This review of Schwitters in Britain at Tate Britain was published in Art Monthly issue 365, April 2013
Midway through Kurt Schwitters’ sweeping eight-room retrospective is an image entirely different from everything else on display. Untitled (Lovely Portrait), 1942, a chiaroscuro oil painting in which a woman peers from between the beak of a giant black bird, seems a composite vision torn from the inky recesses of Schwitters’ unconscious and not from his usual source material: newspaper clippings, ticket stubs and other printed detritus of everyday life. While the dynamic arc of ‘Schwitters in Britain’ swings between the Avant Garde (formalised in collage, assemblage and sculpture) and the artisanal (impressionistic landscapes and commissioned portraits), Untitled hovers at a level of abstraction difficult to categorise but somewhere between the two. It is a strange, ghostly image. An illustration of a haunting, undercut by flourishes of colourful organic shapes where the beast’s jaw should be.
The year Schwitters painted Untitled was his second in Britain, following a bleak 16-month internment at an Isle of Man refugee camp in 1940, a previous four years in Norway, 1937-40, and formative decades spent in his native Germany, circa 1918-37, amongst the doyens of Dada and Constructivism – albeit from the relatively safe distance of Hanover. This is the expanse of time and true geographical focus of Tate’s rather misleadingly titled exhibition. It is tempting, then, to see Untitled as the reflection of an itinerant mind at rest. Maybe the relative quiet of England functioned like a psychological depth charge, pushing uncanny visions from the spectral deep to the forefront of Schwitters’ consciousness. Indeed, Schwitters once described art as ‘a spiritual function of man with the purpose of liberating him from the chaos and tragedy of life’. Perhaps Untitled was an anomalous artwork-as-exorcism. In any case it provided a startling interlude to a fairly mute exhibition, largely bereft of shocks and unexpected encounters.
In fact an air of institutional dispassion, hard to resolve with the energy and nonconformist vitality of the man, pervades ‘Schwitters in Britain’. For that Tate’s overly didactic, retrospective-by-numbers house style is partly to blame. Shared responsibility must also go to the exhibition’s curatorial framework. Choosing to focus on Schwitters’ British years, however productive, reduces some of the most significant events he was involved in to the status of wall-printed anecdotes – his inclusion in the Nazi’s ‘Degenerate Art’ exhibition of 1937 for instance. In the room consigned to displaying evidence of Schwhitters’ London exhibitions and performances, a considerable amount of space is given to restaging a 1942 Modern Art Gallery exhibition titled ‘New Movements in Art’. Here amid work by Barbara Hepworth, John Wells and Naum Gabo hangs Schwitters’ Untitled (curving forms or isle of man), 1941, a colourful example of his constructivism-with-curves paintings (dynamic arrays of abstract geometries softened into organic shapes). Piped quietly into the space is a thin audio recording of Schwitters performing the Ursonate, a phonetic poem inspired by Raoul Hausmann’s fmsbw. Hans Arp once described a performance of this work as inducing listeners to jump ‘out of their drab grey skins’. Here it is transformed into a hollow-bodied, distant and fragile invocation.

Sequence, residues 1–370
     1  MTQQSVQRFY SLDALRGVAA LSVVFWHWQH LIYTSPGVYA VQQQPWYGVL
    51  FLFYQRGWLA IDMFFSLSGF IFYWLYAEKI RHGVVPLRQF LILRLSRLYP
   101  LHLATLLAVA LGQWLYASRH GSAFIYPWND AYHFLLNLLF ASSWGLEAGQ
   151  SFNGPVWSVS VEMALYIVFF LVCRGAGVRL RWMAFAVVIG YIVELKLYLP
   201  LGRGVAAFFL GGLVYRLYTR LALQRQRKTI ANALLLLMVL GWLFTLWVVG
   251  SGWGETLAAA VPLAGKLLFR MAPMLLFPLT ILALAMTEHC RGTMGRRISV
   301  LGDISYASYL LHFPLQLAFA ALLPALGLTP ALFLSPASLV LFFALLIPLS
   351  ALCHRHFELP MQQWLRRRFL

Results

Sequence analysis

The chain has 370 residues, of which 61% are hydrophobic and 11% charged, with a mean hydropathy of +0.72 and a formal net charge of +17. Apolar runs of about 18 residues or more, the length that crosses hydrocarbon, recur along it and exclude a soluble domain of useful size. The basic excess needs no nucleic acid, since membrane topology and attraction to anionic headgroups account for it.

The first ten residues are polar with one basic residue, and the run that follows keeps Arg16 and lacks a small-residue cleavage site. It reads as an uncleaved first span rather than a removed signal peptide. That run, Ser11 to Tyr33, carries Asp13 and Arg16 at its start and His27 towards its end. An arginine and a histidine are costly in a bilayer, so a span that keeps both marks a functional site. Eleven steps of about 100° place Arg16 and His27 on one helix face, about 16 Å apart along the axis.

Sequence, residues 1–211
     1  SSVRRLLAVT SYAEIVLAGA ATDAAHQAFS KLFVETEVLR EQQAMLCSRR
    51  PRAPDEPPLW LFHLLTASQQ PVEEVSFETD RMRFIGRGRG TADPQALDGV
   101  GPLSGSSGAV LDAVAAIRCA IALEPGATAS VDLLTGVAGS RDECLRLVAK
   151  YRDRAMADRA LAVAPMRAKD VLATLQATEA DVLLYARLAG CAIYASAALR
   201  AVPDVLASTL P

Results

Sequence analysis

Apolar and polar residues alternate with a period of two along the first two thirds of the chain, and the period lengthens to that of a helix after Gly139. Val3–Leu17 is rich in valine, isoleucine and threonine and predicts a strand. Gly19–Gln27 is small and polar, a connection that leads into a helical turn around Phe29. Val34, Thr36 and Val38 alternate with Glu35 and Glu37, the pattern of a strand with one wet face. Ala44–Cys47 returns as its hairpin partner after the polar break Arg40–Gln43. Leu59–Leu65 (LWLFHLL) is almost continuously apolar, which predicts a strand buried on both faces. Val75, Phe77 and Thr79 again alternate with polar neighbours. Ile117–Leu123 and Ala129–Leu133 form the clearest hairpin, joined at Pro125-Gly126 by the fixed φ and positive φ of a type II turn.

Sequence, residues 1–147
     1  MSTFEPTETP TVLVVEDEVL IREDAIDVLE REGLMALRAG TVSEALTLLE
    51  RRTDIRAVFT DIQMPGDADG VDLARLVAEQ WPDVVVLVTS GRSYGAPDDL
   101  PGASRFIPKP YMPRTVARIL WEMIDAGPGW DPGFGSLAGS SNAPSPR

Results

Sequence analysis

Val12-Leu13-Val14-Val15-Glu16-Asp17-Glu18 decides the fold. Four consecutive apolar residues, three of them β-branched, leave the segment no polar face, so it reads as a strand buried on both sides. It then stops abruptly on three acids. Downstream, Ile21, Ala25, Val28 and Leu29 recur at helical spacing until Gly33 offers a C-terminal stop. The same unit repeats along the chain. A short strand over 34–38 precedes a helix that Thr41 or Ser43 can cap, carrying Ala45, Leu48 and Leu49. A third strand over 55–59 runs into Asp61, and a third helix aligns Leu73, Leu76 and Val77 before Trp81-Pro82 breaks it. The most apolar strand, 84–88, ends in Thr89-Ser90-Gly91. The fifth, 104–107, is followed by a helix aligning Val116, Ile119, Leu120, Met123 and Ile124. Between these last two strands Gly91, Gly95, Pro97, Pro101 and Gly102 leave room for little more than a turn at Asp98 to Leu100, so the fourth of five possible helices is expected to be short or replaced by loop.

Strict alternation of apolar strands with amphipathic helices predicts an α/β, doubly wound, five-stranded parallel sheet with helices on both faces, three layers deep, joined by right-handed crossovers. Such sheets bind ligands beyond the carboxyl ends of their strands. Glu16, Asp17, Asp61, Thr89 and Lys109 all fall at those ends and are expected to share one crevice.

The first and second exhibition rooms skim across Schwitters’ time in Germany and Norway. In the second space we are given a glimpse of Schwitters’ talent for impressionistic landscape with a trio of Norwegian exteriors, the most arresting of which is Isbreen Under Snow, 1937, a swirling blizzard of brushstrokes that resolve, at canvas top, into a mountain. As the exhibition unfolds it is these artisanal works that hold the attention. Of course the avant-garde brilliance of Schwitters’ Merz collages, abstract sculptures and assemblages still shine through, but nothing new is stated about the works, no new linkages made. Instead old knowledge is dusted off and printed up: we are told the Merz collages were Schwitters’ way of reenergising painting and not destroying it, and that following death Schwitters’ influence stretched to British Pop Art luminaries like Richard Hamilton and US giants of the 20th century like Robert Rauschenberg. As for evidence of Schwitters’ contemporary resonances his influence on Japanese noise musician Merzbow (an artist whose abrasive sound works cause physical alarm comparable to Arp’s description of the Ursonate) was completely sidestepped in favour of displaying large, safe and superfluous (the exhibition already contained around 180 works by Schwitters) installations by Laure Provost and Adam Chodzko – one senses their inclusion is meant to fill the void left by the absence of either German or Norwegian Merzbau installation recreations or the reappearance of the Merz barn last seen at the Royal Academy in 2011.
Fans of Schwitters’ oeuvre will be thrilled to see classic Merz works alongside less well known portraits and paintings from his period of internment at the Isle of Man refugee camp. On the other hand new initiates may find the exhibition’s drab grey ambience clouds the brilliance of the work. Schwitters was a pacifist, iconoclast and freethinker, but with ‘Schwitters in Britain’ the image of a man who stuck two fingers up at George Grosz and Richard Huelsenbeck, started his own art movement and arguably invented installation art, has been delicately neutered.